04.08.2022, Sachsen, Leipzig: Feuer und Rauch sind am Sprengplatz im Berliner Grunewald zu sehen. Im Berliner Grunewald ist nach einer unbeabsichtigten Explosion auf dem dortigen Sprengplatz am Donnerstagmorgen ein Feuer ausgebrochen und hat den angrenzenden Wald in Brand gesetzt. Foto: Feuerwehr Berlin/TNN/dpa +++ dpa-Bildfunk +++

After fire and explosions at the Berlin police munitions detonation site triggered a major fire in Grunewald early Thursday morning, the question to be answered will soon be: How did this happen? And why is such a place in the middle of the forest?

Questions that the Governing Mayor Franziska Giffey (SPD) also asked on site on Thursday: “We have to think about how we will deal with this explosive site in the future and whether the city of Berlin is the right place for it. I will also be with Dietmar Woidke talk about how to go into cooperation in the metropolitan area,” said Giffey.

The explosive site in Grunewald is a legacy of the Second World War. The unexploded examples of the bombs that were dropped on Berlin had to go somewhere if they couldn’t be defused on site.

Ammunition finds that are recovered during construction work or in the Berlin waters are regularly blown up there to this day. There are large blasts, for which the neighboring Avus is also closed, and regular blasts, which usually take place on Wednesdays – but probably not between April and September.

As long as the cause of the explosion has not been investigated, the Senate for the Environment did not comment on whether the fire in the early morning hours of Thursday was related to this.

On the question of whether a blasting site in Grunewald makes sense, spokesman Jan Thomsen said: On the one hand, trees offer better protection against controlled blasting than an open field. On the other hand, such questions would certainly be asked afterwards and would have to be answered once the cause of the fire had been determined. “This is a Berlin police facility that has been there for decades and only the police can provide information about its security equipment,” said Thomsen.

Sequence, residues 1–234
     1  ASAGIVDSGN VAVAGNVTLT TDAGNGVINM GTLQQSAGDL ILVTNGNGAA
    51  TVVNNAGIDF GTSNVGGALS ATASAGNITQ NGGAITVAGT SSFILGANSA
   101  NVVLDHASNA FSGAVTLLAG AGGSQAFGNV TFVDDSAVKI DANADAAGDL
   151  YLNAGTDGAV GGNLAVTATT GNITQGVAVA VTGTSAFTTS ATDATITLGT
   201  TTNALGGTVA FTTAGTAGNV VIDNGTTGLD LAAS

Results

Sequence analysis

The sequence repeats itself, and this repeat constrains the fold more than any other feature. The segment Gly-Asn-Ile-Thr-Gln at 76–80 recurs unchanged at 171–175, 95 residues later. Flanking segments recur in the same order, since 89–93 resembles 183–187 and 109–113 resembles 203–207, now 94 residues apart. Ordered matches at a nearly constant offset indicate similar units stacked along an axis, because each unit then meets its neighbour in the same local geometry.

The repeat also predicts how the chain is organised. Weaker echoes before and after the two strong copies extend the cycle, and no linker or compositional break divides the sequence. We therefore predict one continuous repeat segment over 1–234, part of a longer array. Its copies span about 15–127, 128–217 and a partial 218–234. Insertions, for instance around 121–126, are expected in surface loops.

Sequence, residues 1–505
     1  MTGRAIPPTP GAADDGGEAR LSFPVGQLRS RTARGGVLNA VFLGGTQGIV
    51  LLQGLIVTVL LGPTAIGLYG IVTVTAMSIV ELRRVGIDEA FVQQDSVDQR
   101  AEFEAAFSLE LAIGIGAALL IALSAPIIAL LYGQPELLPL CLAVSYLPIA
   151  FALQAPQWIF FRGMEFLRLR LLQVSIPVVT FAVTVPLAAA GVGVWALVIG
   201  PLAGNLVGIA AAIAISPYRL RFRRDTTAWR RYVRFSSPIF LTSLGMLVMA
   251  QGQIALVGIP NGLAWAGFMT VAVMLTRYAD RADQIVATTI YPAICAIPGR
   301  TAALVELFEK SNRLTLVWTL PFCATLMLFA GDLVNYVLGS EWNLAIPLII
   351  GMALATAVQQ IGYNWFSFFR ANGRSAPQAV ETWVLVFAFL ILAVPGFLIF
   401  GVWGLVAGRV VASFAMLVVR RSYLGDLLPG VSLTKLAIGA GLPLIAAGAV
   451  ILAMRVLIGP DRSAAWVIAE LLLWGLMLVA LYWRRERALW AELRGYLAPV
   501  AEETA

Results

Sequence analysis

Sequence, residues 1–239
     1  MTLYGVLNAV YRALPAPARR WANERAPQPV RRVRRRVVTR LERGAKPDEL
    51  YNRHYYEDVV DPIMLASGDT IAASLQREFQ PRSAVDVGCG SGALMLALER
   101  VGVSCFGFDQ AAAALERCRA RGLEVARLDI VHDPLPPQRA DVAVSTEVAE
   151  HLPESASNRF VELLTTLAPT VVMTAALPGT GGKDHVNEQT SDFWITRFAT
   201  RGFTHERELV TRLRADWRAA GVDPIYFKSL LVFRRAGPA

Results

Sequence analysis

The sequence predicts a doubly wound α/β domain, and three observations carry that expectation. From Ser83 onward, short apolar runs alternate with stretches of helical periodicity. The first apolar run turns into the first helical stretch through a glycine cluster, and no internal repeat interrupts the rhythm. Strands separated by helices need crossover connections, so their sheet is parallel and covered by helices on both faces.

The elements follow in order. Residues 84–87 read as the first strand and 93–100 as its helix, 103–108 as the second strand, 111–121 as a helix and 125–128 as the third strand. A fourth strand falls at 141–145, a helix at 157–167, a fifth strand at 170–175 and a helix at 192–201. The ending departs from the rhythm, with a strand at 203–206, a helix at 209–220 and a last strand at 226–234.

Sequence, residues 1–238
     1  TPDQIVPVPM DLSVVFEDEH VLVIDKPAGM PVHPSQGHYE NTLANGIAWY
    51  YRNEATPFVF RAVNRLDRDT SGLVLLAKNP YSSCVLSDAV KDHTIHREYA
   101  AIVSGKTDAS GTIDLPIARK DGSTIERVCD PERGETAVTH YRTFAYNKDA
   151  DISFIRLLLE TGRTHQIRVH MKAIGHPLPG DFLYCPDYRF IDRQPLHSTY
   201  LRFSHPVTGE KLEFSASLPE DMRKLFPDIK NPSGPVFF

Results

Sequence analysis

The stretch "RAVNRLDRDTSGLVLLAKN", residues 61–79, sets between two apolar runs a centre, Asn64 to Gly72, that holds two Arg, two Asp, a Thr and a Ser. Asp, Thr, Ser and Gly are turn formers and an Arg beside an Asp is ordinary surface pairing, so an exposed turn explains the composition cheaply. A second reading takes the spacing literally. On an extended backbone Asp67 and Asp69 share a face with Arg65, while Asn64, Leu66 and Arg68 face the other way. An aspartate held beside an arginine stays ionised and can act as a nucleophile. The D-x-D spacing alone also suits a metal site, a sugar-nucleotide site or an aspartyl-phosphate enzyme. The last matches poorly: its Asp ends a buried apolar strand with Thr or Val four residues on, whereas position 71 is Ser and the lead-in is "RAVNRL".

So far, the blast site was considered safe, and the Senate Environmental Administration had no information about previous accidents on request. Mario Kräft is an explosion protection expert from Berlin, knows the place and described the police officers there to the Tagesspiegel as “very exemplary in terms of safety. They know what they are doing.” Only what can be stored is stored there.

One problem, however, is the ammunition from World War II. Under the ground there are “climatically stable conditions” for bombs and grenades, says Kraft. “However, this does not ensure that, for example, explosive oils from the explosives of a bomb or grenade will sweat out. That is highly explosive. Over time, undesirable chemical reactions can occur.”

In the event of a fire, the old ammunition could also explode. “The warmer it is, the faster it goes up. The cause of the fire must now be investigated, which will be a very complex process.”

And what’s burning now? As far as the tree population is concerned, the forest administration said that pine was dominant there, “but with deciduous wood in the shelter. At the moment it is still unclear which stocks are exactly burning.”

If the fire stays under control, there will only be local consequences in the trees, “which can be reforested or even regenerate themselves,” said Thomsen. The Grunewald is currently not endangered with its cooling and water storage function and also as a recreational forest. The fire affects an estimated 1.5 of more than 2,200 hectares of forest in Grunewald alone north of the A115.